An EPD is developed by applying a Product Category Rule. PCRs are developed, maintained and warehoused by program operators. Examples of program operators include ASTM, CSA, ICC-ES, Environdec and UL Environment. Program operators also verify that an EPD and its associated life-cycle assessment conform with ISO 14025 and the ISO 14040 series. PCR development is commonly a collaborative effort between industry associations, manufacturers, and/or others. IMAGE: Quantis US

Information technology has encouraged and facilitated this increased demand for in-depth data about building components and systems. People have become accustomed to being able to gather exhaustive information about the products they buy through extensive labeling or online research.

In response to the growing demand for environmental product information, building component manufacturers have begun rolling out environmental product declarations, or EPDs.

It’s a term now commonly heard, but what are they? EPDs are often spoken in the same breath as things like LCA (life-cycle assessment), PCRs (product category rules) and many other TLAs (three-letter acronyms). The fact is they are all related and are part of an ongoing effort to provide as much transparency as possible about what goes into the products that go in and on a building.

“An EPD is a specific document that informs the reader about the environmental performance of a product,” explains Sarah Mandlebaum, life-cycle analyst with Quantis US, the Boston-based branch of the global sustainability consulting firm Quantis. “It balances the need for credible and thorough information with the need to make such information reasonably understandable. The information provided in the document is based on a life-cycle assessment, or LCA, of the product, which documents the environmental impacts of that product from ‘cradle to grave.’ This includes impacts from material production, manufacturing, transportation, use and disposal of the product. An EPD is simply a standardized way of communicating the outcomes of such an assessment.”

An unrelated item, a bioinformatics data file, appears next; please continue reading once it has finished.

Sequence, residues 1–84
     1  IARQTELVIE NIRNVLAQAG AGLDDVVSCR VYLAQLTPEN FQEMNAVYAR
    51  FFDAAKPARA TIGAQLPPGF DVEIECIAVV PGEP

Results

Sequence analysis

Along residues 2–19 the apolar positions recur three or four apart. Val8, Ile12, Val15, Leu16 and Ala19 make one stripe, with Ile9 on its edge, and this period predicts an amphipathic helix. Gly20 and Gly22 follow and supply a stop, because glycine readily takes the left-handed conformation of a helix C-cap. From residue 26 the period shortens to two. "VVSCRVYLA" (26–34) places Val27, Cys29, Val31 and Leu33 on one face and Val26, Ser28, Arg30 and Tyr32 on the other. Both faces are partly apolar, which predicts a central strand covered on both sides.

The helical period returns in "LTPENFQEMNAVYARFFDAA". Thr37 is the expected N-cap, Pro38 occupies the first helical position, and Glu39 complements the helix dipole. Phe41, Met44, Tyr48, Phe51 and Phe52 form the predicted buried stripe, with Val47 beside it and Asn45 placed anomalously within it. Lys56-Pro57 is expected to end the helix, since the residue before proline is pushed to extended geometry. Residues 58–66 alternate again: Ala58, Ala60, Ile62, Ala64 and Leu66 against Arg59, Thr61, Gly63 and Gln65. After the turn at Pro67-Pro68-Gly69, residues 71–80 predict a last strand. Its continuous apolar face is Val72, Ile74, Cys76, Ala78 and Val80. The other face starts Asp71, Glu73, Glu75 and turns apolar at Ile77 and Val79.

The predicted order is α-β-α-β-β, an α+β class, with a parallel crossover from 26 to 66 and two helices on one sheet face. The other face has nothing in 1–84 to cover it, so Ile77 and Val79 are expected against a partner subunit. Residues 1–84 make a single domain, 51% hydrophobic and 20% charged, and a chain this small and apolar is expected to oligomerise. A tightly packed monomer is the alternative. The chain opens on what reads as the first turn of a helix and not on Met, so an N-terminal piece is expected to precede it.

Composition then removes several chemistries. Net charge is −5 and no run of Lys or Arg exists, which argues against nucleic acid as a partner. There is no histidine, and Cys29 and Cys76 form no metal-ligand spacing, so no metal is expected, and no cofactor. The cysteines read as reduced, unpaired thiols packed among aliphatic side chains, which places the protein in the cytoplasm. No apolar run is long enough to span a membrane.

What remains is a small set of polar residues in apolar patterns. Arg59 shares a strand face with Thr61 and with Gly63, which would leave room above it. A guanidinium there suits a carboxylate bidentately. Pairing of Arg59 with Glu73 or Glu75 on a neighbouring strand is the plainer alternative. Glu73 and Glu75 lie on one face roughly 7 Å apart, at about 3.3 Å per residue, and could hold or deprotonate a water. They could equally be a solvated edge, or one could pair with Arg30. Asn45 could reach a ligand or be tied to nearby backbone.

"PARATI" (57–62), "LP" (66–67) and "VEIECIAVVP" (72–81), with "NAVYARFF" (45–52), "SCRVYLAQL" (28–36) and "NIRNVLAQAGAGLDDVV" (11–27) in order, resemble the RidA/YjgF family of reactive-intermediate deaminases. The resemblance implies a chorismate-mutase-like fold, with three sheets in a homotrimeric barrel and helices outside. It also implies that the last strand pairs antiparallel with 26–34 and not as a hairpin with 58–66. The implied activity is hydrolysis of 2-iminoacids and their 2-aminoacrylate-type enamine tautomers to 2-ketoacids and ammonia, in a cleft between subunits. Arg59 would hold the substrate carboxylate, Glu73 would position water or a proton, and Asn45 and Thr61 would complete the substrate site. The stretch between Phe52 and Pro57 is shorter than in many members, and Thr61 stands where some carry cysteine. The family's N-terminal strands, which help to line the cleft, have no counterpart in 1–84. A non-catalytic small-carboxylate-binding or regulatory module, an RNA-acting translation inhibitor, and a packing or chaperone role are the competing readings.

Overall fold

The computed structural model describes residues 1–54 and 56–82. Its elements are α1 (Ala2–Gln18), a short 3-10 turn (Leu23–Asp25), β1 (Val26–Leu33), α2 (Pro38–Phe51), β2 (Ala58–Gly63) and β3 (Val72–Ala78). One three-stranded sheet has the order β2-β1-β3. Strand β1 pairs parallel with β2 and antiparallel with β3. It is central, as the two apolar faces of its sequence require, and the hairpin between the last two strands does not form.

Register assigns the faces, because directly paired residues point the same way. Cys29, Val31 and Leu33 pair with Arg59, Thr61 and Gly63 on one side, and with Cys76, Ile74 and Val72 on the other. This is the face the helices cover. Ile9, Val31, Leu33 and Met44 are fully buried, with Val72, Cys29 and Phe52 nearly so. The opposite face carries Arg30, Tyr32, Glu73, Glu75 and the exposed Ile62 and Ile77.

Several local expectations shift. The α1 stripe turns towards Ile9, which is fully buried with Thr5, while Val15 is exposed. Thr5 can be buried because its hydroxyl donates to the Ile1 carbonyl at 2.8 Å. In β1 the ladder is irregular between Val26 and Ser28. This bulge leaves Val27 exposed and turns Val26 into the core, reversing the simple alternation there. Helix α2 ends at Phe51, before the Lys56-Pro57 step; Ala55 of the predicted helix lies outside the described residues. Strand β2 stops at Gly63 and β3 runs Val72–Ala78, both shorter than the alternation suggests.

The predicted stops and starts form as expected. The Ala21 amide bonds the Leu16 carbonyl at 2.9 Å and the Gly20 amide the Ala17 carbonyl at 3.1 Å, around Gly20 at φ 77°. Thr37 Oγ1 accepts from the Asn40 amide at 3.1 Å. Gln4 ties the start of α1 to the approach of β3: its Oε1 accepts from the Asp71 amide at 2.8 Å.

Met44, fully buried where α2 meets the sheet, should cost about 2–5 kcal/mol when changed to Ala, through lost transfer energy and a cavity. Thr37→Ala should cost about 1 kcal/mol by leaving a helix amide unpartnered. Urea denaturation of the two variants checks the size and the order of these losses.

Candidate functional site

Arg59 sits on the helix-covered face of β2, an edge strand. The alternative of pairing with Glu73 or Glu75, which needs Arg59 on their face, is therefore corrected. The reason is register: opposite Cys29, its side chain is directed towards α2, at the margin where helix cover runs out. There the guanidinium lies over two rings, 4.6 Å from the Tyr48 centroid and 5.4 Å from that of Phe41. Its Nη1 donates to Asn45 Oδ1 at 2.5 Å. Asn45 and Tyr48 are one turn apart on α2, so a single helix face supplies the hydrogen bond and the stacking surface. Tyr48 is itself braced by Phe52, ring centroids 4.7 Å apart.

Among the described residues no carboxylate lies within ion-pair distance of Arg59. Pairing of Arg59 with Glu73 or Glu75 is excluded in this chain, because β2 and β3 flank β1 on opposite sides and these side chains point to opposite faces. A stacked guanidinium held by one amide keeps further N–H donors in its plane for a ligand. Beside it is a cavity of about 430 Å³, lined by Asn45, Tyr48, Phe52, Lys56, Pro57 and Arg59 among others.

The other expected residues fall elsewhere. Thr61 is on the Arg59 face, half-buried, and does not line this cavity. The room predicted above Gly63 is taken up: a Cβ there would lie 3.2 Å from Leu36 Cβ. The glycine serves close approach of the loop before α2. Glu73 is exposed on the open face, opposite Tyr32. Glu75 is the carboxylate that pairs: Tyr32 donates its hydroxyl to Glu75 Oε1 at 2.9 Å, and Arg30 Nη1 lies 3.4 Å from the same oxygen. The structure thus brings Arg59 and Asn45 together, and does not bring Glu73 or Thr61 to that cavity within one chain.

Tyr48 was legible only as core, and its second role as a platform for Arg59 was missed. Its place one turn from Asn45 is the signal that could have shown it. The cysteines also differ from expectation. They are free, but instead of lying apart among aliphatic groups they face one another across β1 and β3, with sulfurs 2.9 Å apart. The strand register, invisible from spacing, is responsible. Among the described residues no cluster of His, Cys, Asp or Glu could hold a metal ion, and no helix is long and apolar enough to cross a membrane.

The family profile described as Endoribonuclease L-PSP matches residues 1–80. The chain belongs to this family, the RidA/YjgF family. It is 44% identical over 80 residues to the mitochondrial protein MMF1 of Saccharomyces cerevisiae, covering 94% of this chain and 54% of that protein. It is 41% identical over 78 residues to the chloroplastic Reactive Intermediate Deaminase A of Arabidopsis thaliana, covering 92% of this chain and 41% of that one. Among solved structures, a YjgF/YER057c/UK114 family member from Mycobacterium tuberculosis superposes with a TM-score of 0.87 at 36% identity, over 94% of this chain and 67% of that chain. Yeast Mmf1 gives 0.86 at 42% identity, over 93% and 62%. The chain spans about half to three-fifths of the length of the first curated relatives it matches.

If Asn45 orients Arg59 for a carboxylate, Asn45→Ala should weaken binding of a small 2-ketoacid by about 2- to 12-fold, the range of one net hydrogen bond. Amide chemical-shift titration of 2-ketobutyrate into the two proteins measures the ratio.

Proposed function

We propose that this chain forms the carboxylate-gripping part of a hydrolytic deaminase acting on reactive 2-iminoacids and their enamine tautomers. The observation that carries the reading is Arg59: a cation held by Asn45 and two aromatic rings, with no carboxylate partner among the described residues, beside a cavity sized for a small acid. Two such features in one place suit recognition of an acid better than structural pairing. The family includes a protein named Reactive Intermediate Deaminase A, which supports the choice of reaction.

The concept of product LCAs has been around for some time and has often been looked at as a way of determining the sustainability of a particular product by establishing the full scope of its environmental footprint. The basic idea is to closely catalog everything that goes into a product throughout its entire life. That means the energy, raw materials, and emissions associated with sourcing its materials, manufacturing it, transporting it, installing it and, ultimately, removing and disposing of it. In the end, an LCA results in a dizzying amount of data that can be difficult to translate or put in any context. EPDs are one way to help provide context and help put LCA data to use.

“The summary of environmental impact data in the form of an EPD can be analogous to a nutrition label on food,” says Scott Kriner, LEED AP, technical director of the Metal Construction Association (MCA), Chicago. “There is plenty of information on the label, but the information itself is meaningless unless one is focused on one area. An LCA determines the water, energy and waste involved in the extraction of raw materials, the manufacturing process, the transportation to a job site and the reclamation of waste at the end of the useful life of a product. With that data in hand, the various environmental impact categories can be determined and an EPD can be developed to summarize the environmental impact information.”

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Redefining Sustainability

My company is currently in the process of restoring more than 1,600 window sashes for a large historic project in Buffalo, N.Y. As I recently walked through our plant and saw the thousands of windows in various stages of repair, I reflected upon how we were repairing windows that are more than 135-years old. This made me think about the current state of the construction industry and what our expectations are for the life of a building structure and the components that make up that structure. During the past 10 years, there has been a great deal of talk about green buildings and sustainability, but how many of these “green” commercial or residential buildings are designed or constructed to last for centuries? When will the life cycle of the structure and the construction materials themselves become factors in the sustainability criteria? It seems to me that more effort is placed on whether a material is recyclable than whether it can perform over the long haul. It is time that the design community, manufacturers and construction processes begin to consider the life of the building if we are truly going to incorporate sustainability in our industry.

Back in 1993, the U.S. Green Building Council developed the LEED green building rating system as a way to guide building owners to be environmentally accountable and to use resources responsibly. The LEED system has had a profound effect upon the design community by motivating advancements in energy efficiency, use of recyclable materials, incorporation of natural daylight and reuse of water. The LEED program made the word “sustainability” a household term over the past ten years, but has it truly redefined sustainable design? I would submit that LEED has been most successful in motivating changes in how structures consume natural resources and how the structure can be recycled at the end of its useful life. Very little emphasis has been put on designing a structure and using component materials that will last for many generations.